I recently attended Sally Martin’s Art exhibition and was prompted to write about the importance of thinking creatively. While you might be thinking that creative thinking is not required in your roll, or you just can’t be creative; I would like to suggest that it is both imperative that we all think creatively, and that anyone with a little bit of empathy can do it.
While there are some roles and industries that are more in tune with their creative talents, there are ways for all of us to also think more creatively.
There is an urgent need for Organisations to inspire and encourage people to think creatively. Even small organisation can take quantum leaps forward if they feel they can inspire their people to think creatively.
As the saying goes, there are only three certainties in life: death, taxes and change. Machines are now increasingly undertaking tasks that were traditionally performed by people such as; 3D printing of houses. For some of you, you may be concerned about your future; however, some may be inspired by the possibilities. Change is happening, weather you like it or not. You can either pretend its not happening, get angry about the change or you can master the ability to think creatively. Doing anything but the later would be like trying to hold back the incoming tide with a broom.
Anyone can think creatively, they just have have empathy towards others. Osho coined it beautifully when he said: “To be creative means to be in love with life”.
Here is a simple six-step process that would help you think creatively:
Write a list of the services you provide to a client (be it internal or external clients or people in the industry)
Set up an interview with your clients and ask them the following questions:
- From the list above which is the most important to the least important?
- What aspect of the list frustrates them?
- How do these tasks/activities effect them?
- What do you needs in regards to these tasks on the list and how well are they fulfilled?
“I like to listen. I have learned a great deal from listening carefully. Most people never listen.” ― Ernest Hemingway
Step into your client’s shoes. Write an endless list of solutions to meet your client’s frustrations, fears, needs and wants. Don’t worry about how practical these ideas are, just get them down on paper (or computer if you prefer).
Ask yourself which solution you would have the most benefit? Don’t limit yourself by considering what you think you can do.
“The worst enemy to creativity is self-doubt.” ― Sylvia Plath,
Test and adjust your ideas. Go back to your sources and check that the ideas would be of benefit.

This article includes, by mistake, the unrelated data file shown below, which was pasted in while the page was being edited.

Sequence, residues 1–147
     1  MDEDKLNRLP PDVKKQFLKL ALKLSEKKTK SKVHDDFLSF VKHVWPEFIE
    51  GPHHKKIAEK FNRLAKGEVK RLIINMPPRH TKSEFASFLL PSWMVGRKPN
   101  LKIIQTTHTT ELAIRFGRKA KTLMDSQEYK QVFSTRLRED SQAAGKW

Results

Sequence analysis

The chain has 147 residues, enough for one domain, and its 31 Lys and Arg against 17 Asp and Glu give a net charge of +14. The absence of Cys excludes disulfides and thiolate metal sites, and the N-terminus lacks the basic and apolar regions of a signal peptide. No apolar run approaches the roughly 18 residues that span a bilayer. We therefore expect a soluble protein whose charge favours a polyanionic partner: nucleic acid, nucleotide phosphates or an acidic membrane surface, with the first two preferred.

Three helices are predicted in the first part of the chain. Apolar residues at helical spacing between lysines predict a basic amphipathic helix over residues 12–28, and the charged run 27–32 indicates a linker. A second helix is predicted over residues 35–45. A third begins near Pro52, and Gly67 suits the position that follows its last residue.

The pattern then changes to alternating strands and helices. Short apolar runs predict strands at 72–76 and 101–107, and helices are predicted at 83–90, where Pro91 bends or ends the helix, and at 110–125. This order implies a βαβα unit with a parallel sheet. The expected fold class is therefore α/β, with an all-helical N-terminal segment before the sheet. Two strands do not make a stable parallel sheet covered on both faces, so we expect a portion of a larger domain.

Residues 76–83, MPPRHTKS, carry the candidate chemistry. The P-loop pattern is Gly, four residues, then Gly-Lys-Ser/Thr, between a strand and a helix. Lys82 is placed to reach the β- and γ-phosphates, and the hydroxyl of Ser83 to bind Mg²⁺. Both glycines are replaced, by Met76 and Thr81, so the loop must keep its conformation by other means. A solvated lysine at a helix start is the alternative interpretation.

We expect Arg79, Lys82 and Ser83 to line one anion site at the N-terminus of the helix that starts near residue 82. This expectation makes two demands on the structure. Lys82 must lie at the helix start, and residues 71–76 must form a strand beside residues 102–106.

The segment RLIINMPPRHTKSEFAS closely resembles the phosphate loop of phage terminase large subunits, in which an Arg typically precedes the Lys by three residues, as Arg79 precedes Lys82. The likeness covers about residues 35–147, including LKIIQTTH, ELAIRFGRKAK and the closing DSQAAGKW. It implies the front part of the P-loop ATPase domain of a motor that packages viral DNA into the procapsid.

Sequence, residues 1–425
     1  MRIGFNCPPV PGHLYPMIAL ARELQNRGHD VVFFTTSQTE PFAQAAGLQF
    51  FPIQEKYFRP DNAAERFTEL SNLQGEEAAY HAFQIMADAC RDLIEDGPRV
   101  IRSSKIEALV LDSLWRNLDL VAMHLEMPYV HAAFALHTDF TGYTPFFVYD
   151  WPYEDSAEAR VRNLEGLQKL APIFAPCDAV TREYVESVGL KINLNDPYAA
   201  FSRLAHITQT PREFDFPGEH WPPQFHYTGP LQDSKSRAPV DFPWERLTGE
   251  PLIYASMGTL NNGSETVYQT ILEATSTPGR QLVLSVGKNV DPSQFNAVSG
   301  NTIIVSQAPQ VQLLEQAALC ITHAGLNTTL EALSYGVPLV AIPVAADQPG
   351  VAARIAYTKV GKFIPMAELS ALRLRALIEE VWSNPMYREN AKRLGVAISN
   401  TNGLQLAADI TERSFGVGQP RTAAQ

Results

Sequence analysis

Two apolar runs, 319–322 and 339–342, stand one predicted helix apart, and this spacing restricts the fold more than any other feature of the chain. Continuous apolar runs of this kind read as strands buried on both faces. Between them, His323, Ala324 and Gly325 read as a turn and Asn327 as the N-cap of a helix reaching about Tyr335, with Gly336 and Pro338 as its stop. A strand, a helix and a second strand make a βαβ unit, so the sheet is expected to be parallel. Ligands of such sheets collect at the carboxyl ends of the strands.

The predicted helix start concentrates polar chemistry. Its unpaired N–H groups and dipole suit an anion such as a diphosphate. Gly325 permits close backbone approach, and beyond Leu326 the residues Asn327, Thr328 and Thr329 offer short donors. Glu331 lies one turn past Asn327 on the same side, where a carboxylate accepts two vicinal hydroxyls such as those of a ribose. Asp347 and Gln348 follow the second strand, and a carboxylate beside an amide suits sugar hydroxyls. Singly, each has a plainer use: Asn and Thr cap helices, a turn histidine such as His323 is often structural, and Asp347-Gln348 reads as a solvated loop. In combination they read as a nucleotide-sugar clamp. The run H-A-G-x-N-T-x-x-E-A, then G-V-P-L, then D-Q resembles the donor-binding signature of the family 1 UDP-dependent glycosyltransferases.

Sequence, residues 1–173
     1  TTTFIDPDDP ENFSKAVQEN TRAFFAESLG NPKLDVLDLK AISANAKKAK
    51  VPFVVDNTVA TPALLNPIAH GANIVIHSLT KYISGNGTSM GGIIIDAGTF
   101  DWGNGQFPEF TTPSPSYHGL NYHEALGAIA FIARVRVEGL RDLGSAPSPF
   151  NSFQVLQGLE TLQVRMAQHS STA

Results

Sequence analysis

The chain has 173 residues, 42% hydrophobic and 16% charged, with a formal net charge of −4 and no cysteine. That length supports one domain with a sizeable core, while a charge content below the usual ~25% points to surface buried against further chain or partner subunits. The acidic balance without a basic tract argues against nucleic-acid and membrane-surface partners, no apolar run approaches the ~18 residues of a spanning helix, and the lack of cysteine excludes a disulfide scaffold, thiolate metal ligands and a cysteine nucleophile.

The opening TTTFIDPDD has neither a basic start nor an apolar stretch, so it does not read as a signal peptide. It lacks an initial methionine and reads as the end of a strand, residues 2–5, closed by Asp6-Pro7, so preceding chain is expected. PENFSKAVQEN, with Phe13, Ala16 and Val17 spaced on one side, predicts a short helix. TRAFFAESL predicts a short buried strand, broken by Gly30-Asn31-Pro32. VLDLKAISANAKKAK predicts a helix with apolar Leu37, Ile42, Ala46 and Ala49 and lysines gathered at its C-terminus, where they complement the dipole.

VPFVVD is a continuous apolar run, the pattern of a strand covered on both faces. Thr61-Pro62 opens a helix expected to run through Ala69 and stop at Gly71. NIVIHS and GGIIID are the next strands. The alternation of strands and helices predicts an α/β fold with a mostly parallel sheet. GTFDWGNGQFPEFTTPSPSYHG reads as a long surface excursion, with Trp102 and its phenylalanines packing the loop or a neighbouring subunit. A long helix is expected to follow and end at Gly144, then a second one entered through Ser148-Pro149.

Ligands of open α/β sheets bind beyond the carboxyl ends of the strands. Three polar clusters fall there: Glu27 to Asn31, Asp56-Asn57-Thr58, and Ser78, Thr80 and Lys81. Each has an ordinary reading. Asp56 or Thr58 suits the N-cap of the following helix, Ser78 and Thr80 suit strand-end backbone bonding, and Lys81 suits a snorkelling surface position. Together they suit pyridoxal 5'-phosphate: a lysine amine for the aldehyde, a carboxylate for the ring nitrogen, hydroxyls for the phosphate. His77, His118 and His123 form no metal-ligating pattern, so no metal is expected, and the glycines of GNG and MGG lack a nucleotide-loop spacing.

Take the best ideas and establish a Goal and an Action plan to develop your ideas. This takes courage! You don’t need to be able to do everything. Identify the bits you can do and outsource the rest. Craft your vision for this new idea and sell it to your boss or other members of your team.
If you applied the six steps listed above, you would have hundreds of opportunities to make changes. Just consider how many opportunities you could uncover if you didn’t limit yourself to your own tasks. Just consider asking anyone about what they do and what frustrates them and you will be stepping into limitless possibilities.
I also realized two enemies to creativity: the enemy within and the enemy you associate with. Henry Buckle coined it beautifully when he said “Great minds discuss ideas. Average minds discuss events. Small minds discuss people.” Be well aware of the company you keep and associate with other “great minds” who discuss ideas, and won’t criticize you for stepping outside of your comfort zone, questioning your status quo and trying to make a difference. Remember, the opposite of courage is not the lack of courage, its conformity. There is a real risk at this point that we attach self-worth to the acceptance of our idea. As Bene Brown stressed, that if we attach our self-worth to the acceptance of our creativity we become a prisoner of “pleasing, performing and perfecting”. It may be disappointing if your friends and colleagues do not share your vision and your creative idea, but remember, “effort is about what you do, not who you are”.
However, the greatest enemy to our creativity is the enemy within. It is our internal critic and there can be no greater threat. Many creative geniuses have modified their ideas so as not to be perceived as too radical. Being creative requires us to be vulnerable, and for many of us (including myself) this can be hard, but I dispute that it is not impossible. Jim Rohn once said, “Standby the gates to your mind”. We have an ability to think what ever we like, if the thoughts are not supporting your creativity, change it to something that will.
If you can dream, you can create, and your creativity can make a real difference. Take a moment out of your time to try out the six steps to thinking creatively and see what you can come up with. Encourage your team to think creatively, this can lead to empowerment and craft people who are excited about opportunities and making a difference.